Monday Night Mystery: Red

The Monday mystery returns!


Above is a cropped photograph of a Belizean ant.

1. What is the genus? (2 points)
2. What is the species (3 points)
3. Why is the right side of the picture redder than the left side? (5 points).

Points will be awarded to first person to correctly guess each question, and the cumulative points winner across all mysteries for the month of February will win their choice of 1) any 8×10-sized print from my insect photography galleries, or 2) a guest post here on Myrmecos.

Good luck!

15 thoughts on “Monday Night Mystery: Red”

  1. Well, I agree with Morgan that it’s likely parisitized, but the red color suggests something in the pallens clade. I didn’t think varians gets as far south as Belize — perhaps pallidoides? The flat, bulky mesosoma makes me think it’s a soldier.

  2. Can I have a specimen? Pretty please? There isn’t much pallens clade material from Belize, and it doesn’t look like porrasi. This is most likely a late-stage callow, accentuating the natural bi-coloration in many members of this clade. Parasitism is possible too, but rare next to the bi-color pattern seen in all callows in some species.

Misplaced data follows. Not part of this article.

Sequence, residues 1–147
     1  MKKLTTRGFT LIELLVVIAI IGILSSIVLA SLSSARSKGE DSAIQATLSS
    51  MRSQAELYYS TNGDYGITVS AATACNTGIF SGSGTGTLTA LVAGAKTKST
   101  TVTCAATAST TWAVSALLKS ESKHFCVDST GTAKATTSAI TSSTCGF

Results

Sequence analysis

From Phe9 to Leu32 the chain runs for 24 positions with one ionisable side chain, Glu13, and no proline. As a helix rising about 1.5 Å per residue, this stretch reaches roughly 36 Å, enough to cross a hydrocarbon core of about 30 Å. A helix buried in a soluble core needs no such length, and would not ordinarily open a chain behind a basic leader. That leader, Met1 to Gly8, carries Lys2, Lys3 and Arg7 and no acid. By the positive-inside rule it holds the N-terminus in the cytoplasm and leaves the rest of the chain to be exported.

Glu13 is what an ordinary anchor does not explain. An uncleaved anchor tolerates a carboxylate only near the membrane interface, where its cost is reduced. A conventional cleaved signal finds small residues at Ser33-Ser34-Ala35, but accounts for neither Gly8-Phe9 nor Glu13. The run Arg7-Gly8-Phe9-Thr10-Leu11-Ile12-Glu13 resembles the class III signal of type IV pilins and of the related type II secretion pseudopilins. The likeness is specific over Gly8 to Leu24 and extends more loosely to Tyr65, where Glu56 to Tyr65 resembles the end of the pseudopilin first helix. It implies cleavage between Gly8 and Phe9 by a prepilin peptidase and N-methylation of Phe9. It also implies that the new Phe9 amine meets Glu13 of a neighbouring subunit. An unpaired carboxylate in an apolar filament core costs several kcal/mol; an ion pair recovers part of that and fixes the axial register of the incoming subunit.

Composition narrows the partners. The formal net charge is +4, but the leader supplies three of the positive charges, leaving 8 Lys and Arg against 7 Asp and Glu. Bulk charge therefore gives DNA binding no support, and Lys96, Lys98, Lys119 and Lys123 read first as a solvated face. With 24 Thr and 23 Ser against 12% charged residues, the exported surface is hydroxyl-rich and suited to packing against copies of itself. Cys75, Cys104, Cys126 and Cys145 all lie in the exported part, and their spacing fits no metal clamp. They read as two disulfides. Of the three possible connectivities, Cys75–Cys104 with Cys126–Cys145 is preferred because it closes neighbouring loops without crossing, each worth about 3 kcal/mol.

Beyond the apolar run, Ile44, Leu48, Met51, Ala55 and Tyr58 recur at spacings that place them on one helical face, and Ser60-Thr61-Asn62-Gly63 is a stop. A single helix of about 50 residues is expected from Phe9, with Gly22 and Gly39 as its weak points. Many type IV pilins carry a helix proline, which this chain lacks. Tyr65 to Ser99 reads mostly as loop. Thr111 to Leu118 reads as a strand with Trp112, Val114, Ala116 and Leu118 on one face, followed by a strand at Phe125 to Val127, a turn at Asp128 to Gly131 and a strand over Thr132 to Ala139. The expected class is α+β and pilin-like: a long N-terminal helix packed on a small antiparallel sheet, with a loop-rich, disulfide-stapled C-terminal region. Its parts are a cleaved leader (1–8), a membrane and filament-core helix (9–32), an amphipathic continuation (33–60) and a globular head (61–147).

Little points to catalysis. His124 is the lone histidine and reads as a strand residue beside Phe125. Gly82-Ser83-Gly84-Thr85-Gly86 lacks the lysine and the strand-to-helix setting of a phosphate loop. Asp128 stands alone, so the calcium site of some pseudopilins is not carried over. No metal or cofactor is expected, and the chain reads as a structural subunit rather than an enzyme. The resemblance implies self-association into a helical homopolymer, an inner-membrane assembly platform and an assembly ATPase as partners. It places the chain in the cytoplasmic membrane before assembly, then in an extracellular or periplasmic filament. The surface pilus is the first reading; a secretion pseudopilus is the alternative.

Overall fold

1. A callow is an adult recently emerged from the pupal stage. At first, the ant is often all white. Then the colors develop in the cuticle over the next few days and eventually reach the normal adult colors.

  3. Paco got it, I’m sure!

    Cephalotes varians, minor worker. Too burgundy to be minutus or the other little neotropical species I usually play with. (Also kinda blocky.)

  4. Also, bwahahahaha… it’s Cephalotes varians, and the gaster does NOT have nematodes… this is within the normal color variation for this species.

  5. Pingback: Answer to the Monday Mystery: A turtle ant with worms – MYRMECOS - Insect Photography - Insect Pictures

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